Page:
The City of Nelson is making bylaw changes that will make broadband fibre available to more people.
There are three main changes: fibre will be available to residences as well as businesses, it can now be shared between multiple units in one building, and the bandwidth cap will be increased. There are related fee changes as well.
“Until now you were required to have a business licence to use Nelson fibre,” says the city’s Allison Sutherland, “and so one of the reasons (for this change) is that we have some customers like the school district and colleges where a business licence is irrelevant, and we have non profits who want to use the service.”
She said the movement toward residential service is driven by the Nelson Commons development, other downtown multi-use buildings, and the live-work spaces envisioned for Railtown.
“In multi-unit buildings they can choose to share the fibre,” she says. “That makes it more cost effective. Once it is in the building, people can work with an internet provider or sharing provider to use the fibre. Before, we could not legally serve the residents in that same building even though the fibre was already there.”
The third change is that the current cap of 100 or 1000 MB per second will be expanded to a choice of 1 to 10 Gbps.
The city provides “dark fibre” (fibre optic cable) to a number of facilities and buildings in the city including city hall, the regional district, schools, and the Tenth Street campus. The fibre is provided as a utility, using Nelson Hydro poles and conduits.
The biggest public misunderstanding, Sutherland says, is about the roles and responsibilities of the various players.
The city charges a connection fee and a monthly fee but provides no service beyond bringing the cable into the building. Business owners or residents, once they have purchased the use of the fibre from the city, must contract with an internet service provider or a networking provider to “light it up” and provide whatever service the customer needs within the building.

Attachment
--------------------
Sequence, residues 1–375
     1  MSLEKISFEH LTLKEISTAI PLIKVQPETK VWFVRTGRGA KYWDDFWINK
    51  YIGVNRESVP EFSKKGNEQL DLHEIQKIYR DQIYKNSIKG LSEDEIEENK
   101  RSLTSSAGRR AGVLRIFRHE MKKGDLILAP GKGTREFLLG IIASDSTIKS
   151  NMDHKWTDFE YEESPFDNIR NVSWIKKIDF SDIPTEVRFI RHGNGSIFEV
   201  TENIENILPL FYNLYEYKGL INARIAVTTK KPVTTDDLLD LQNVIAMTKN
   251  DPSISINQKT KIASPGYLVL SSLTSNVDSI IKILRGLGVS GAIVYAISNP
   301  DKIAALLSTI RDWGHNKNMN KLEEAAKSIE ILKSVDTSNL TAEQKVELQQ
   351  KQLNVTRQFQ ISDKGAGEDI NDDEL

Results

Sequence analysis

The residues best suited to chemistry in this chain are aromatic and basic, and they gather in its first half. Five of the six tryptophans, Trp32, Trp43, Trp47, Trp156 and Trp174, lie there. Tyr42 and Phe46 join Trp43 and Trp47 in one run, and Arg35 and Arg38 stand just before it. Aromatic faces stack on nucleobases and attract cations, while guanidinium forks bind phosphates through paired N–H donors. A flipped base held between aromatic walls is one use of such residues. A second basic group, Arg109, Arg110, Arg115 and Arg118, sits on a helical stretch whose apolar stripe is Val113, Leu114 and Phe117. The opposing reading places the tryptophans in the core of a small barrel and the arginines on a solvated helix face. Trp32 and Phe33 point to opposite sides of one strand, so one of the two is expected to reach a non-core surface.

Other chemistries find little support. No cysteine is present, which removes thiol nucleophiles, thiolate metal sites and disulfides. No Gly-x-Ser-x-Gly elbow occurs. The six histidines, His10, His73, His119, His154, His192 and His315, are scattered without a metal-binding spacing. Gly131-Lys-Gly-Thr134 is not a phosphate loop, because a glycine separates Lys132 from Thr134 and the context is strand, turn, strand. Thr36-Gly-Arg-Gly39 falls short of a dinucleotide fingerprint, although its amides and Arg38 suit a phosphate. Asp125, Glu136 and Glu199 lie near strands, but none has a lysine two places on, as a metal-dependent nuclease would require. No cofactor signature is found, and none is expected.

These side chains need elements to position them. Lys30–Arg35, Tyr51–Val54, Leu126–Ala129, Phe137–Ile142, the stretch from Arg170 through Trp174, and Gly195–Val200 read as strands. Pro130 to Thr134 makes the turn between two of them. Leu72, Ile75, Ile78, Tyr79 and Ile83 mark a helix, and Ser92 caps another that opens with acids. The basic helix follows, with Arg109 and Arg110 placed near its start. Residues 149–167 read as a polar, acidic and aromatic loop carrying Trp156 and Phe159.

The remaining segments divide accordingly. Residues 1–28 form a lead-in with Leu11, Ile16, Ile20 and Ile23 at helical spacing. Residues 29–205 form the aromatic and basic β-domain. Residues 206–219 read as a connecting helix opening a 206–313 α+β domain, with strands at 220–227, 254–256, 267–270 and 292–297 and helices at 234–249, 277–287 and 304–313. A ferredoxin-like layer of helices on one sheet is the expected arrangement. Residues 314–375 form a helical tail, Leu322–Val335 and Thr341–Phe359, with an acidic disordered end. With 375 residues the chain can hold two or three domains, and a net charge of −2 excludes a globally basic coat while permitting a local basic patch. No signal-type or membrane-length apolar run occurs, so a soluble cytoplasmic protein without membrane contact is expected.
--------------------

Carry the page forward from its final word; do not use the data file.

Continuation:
What the services look like, and the arrangement for providing it, can be very building-specific, Sutherland says.
For example, “a ‘customer’ can be a private single customer withing a building, it can be a building owner, or it can be an internet service provider that is managing a sharing arrangement between different people who want to share the fibre in the building. So a building owner could bring the fibre in, and just like they share other types of utilities like water and sewer, they could share the costs among their tenants for the construction and the connection to the building.”
“It can be a complicated setup,” Sutherland adds, “and it is important for people to understand who they are paying and what they are paying them for, and what services are available.”
The amended structure for monthly fibre rental recognizes different types of customers is as follows:
• $150 for commercial
• $100 for public sector/institutional/educational, non-profit and residential
The new structure also covers buildings that contain multiple units (whether residential or commercial) to permit the ability for sharing of service within the building:
• $200 for up to 1Gbps bandwidth
• $400 for up to 10Gbps bandwidth.